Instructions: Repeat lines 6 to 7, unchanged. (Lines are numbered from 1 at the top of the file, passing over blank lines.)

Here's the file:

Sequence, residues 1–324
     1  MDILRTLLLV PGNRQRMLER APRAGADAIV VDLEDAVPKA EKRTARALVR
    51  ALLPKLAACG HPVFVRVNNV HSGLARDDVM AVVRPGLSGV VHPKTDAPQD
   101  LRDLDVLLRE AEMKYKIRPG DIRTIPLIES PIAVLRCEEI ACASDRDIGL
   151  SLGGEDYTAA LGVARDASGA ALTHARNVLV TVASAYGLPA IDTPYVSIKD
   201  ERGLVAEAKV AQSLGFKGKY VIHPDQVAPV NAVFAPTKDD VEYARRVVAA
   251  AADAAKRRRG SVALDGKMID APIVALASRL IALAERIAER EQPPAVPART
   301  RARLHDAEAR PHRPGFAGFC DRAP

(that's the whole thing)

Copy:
   201  ERGLVAEAKV AQSLGFKGKY VIHPDQVAPV NAVFAPTKDD VEYARRVVAA
   251  AADAAKRRRG SVALDGKMID APIVALASRL IALAERIAER EQPPAVPART